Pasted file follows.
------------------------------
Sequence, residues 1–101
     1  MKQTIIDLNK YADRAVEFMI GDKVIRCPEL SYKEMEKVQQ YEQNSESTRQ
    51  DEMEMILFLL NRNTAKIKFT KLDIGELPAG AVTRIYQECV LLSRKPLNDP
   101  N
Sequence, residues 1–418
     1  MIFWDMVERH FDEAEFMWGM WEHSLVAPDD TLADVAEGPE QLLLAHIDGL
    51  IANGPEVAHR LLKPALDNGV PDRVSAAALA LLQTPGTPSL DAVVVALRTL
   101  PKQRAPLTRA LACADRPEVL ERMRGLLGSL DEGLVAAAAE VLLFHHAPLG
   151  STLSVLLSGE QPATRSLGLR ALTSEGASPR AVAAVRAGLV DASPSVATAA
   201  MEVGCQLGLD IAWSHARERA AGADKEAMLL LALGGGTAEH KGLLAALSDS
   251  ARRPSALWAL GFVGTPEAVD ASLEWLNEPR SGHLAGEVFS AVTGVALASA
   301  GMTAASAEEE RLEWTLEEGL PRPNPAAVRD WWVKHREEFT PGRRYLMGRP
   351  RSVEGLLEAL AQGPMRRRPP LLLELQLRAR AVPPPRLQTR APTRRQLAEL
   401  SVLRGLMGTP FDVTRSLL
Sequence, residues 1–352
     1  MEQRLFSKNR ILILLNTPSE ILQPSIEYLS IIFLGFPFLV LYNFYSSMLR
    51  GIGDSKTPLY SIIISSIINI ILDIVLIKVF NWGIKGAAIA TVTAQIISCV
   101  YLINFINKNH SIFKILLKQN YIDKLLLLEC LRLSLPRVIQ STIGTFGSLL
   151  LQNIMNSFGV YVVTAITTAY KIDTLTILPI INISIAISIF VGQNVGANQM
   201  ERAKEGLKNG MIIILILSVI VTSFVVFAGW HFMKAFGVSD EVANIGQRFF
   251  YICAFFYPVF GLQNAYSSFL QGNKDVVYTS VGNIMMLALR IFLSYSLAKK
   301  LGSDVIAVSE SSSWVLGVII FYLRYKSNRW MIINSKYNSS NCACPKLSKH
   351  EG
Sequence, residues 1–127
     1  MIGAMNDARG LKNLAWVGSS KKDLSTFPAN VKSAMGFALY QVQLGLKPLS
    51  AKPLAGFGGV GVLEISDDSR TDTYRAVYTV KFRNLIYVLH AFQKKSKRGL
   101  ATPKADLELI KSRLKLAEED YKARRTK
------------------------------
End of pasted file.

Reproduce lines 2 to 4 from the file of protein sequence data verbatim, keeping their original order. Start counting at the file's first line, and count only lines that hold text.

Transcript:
     1  MKQTIIDLNK YADRAVEFMI GDKVIRCPEL SYKEMEKVQQ YEQNSESTRQ
    51  DEMEMILFLL NRNTAKIKFT KLDIGELPAG AVTRIYQECV LLSRKPLNDP
   101  N